“Even if the parents’ intentions are to look out for their child’s well-being, they should still consider what would make their children feel safer,” Yasin said. “The vaccine is a way to keep their children safe. Even though parents do play a role for children that can’t make decisions for themselves, I think they should talk to their children about what their opinion is for the vaccine.”
Despite the fact that she is in favor of the bill, as it gives teenagers a voice, she doesn’t want parents’ feelings to simply be set aside either.
“Parents’ opinions should not be dismissed,” she said. “Their decision really counts.”
In the past, potential vaccine laws have incited intense protests in Sacramento, like in 2019 when demonstrators stormed the Capitol against a bill to get rid of exemptions for childhood vaccinations. In January, following the announcement of SB 866, an anti-vax protester threw a menstrual cup full of blood at lawmakers.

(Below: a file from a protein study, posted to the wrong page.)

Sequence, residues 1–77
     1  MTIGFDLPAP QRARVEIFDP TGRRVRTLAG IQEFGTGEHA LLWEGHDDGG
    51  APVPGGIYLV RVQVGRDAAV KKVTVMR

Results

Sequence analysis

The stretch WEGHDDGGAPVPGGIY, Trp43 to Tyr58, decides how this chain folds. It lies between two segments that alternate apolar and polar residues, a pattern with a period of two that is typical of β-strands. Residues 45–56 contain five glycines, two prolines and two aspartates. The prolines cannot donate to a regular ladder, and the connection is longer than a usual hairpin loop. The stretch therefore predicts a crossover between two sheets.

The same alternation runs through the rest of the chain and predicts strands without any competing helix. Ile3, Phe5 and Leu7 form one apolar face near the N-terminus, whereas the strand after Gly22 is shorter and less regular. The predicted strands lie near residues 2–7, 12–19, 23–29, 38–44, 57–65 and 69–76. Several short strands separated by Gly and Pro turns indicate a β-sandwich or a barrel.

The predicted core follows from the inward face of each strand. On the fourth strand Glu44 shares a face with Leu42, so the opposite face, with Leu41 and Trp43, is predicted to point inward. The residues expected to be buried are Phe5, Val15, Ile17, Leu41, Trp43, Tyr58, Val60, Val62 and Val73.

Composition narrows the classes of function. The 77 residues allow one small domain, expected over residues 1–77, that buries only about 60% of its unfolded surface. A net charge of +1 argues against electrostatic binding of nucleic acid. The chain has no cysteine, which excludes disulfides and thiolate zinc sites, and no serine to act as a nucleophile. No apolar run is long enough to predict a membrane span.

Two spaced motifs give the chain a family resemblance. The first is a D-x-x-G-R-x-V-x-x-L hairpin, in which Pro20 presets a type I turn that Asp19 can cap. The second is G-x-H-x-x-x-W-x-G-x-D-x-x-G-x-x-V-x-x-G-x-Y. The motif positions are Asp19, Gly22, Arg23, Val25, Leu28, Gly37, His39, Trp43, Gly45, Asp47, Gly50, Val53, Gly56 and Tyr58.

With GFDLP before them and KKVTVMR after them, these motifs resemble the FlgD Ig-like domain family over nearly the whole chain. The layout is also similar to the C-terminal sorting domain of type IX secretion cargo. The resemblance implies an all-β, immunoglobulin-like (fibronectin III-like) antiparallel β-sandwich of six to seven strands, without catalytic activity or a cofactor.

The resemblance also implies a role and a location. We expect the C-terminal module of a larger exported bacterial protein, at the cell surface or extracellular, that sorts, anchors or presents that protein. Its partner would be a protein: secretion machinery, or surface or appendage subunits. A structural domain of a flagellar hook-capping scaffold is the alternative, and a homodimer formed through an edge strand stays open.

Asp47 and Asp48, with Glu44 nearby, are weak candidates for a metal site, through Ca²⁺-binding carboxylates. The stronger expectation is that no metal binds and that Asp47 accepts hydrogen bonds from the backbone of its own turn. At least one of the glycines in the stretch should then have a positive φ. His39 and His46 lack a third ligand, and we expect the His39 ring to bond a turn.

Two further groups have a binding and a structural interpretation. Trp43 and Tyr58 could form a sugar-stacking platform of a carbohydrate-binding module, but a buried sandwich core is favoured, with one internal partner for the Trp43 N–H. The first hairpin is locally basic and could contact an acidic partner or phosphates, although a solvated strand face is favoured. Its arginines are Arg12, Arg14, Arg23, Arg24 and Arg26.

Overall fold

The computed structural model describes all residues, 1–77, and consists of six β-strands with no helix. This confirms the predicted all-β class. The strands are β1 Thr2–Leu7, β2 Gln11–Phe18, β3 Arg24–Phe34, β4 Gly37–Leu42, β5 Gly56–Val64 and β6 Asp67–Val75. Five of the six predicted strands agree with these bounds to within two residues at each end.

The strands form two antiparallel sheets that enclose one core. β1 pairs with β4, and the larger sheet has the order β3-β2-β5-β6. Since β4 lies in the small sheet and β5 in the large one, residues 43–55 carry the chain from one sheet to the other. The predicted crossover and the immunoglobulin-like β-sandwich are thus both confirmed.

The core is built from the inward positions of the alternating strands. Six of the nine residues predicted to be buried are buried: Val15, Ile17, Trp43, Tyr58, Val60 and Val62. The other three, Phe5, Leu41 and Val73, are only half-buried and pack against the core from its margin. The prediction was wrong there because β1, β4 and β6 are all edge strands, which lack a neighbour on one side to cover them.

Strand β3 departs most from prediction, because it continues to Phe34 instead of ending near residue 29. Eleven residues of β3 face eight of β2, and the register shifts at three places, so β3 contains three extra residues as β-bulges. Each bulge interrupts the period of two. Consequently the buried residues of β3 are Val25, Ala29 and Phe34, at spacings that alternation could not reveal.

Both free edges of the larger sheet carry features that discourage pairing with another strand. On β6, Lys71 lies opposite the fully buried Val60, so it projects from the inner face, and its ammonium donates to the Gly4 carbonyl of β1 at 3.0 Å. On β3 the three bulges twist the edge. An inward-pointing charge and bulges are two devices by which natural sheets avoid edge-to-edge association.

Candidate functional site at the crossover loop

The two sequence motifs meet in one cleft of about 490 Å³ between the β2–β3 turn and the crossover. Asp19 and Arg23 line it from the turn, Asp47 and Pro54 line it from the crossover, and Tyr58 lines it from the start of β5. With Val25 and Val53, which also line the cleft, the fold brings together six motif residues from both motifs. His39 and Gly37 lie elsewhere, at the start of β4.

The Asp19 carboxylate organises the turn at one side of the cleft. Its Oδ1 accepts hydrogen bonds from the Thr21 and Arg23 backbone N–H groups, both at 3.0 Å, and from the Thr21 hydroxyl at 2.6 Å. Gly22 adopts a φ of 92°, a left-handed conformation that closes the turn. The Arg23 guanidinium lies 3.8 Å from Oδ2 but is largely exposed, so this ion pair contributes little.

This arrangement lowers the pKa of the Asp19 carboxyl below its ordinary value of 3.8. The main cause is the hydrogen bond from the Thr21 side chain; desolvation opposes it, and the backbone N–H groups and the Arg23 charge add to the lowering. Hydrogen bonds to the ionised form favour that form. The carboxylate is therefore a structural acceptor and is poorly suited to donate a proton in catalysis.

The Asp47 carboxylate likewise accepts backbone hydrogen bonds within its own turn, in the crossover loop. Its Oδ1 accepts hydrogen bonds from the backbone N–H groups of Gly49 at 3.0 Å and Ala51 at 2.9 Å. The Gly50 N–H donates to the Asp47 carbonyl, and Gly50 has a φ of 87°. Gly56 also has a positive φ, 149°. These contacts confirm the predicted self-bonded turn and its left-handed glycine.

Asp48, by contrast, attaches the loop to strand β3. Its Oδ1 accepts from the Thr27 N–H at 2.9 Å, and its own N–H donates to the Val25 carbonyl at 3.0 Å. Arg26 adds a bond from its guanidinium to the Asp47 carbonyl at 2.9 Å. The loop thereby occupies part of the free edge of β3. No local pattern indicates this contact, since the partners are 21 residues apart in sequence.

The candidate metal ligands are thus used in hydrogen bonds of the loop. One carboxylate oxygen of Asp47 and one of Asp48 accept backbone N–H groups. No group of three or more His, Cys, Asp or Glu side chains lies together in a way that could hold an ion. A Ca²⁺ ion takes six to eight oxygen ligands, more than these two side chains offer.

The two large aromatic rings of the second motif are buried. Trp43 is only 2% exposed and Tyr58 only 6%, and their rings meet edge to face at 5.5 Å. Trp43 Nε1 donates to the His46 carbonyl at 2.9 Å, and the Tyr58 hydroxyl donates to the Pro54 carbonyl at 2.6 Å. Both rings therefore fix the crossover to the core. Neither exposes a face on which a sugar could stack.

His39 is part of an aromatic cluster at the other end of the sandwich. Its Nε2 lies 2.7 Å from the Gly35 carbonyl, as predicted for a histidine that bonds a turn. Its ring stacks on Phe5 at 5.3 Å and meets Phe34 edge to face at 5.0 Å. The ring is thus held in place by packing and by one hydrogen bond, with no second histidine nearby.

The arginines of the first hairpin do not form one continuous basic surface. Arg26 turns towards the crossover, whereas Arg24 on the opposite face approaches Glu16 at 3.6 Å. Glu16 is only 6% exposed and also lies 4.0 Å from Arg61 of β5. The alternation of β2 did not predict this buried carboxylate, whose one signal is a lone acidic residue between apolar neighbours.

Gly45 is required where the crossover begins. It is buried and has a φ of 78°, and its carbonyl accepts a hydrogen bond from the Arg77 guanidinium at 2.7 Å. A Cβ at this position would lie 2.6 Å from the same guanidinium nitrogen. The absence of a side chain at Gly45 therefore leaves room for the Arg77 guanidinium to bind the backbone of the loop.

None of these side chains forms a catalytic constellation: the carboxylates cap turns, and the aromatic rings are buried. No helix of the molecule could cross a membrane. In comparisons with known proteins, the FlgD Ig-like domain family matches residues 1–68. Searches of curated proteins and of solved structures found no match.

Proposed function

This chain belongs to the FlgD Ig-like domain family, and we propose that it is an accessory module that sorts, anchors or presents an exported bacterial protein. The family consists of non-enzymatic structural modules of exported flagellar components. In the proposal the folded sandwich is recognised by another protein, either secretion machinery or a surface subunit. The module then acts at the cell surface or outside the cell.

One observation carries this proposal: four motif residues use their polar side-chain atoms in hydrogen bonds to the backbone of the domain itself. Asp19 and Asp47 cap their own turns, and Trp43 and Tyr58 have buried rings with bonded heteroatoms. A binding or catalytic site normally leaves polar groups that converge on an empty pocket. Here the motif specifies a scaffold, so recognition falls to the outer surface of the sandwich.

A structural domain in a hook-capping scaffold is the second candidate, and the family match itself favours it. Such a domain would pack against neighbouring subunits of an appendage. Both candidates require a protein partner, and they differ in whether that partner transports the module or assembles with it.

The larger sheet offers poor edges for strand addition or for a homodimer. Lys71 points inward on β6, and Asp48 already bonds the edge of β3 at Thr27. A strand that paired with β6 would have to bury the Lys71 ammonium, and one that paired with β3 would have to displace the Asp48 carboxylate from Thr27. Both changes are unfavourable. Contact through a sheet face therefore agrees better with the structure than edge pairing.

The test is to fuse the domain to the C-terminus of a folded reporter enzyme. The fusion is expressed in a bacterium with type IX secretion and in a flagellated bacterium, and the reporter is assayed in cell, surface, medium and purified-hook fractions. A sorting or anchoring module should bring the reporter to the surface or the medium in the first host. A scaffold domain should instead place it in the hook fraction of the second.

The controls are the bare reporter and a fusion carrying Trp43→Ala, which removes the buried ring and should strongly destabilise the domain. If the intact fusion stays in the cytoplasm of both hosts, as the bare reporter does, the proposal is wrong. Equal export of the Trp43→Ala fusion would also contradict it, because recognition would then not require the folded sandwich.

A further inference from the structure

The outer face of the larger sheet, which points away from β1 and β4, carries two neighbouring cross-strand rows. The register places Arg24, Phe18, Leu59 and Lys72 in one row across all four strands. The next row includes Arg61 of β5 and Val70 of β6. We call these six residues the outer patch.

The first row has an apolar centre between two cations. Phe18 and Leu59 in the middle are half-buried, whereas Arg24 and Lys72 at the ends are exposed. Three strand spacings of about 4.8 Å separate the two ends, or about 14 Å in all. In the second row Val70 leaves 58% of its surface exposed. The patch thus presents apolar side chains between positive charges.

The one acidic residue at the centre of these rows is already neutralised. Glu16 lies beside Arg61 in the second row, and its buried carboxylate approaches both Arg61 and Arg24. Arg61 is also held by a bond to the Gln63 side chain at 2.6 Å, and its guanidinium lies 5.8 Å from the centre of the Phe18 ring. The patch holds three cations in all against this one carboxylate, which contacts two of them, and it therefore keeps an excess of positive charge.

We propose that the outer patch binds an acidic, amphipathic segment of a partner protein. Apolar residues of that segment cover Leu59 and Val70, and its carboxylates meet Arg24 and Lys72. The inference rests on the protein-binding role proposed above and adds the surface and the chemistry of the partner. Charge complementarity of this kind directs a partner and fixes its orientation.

Ani Chaglosian, who has worked with Wiener’s office to advocate for the bill, has received numerous hate messages on Instagram, as well as death threats after being interviewed for a Los Angeles Times article about the bill and her support for it.
Miscommunication and misinformation about the covid-19 vaccine and anti-vax hostility are the cause of such responses, according to Chaglosian.
“Anti-vax parents don’t think it’s just us wanting to get vaccines, they think it’s us trying to take away power from them and their kids to give to the state,” she said. “What they don’t realize is that power is not being taken away from them or from their kids, and the power is not going to the state. The power is simply going to the child, a power that should already exist.”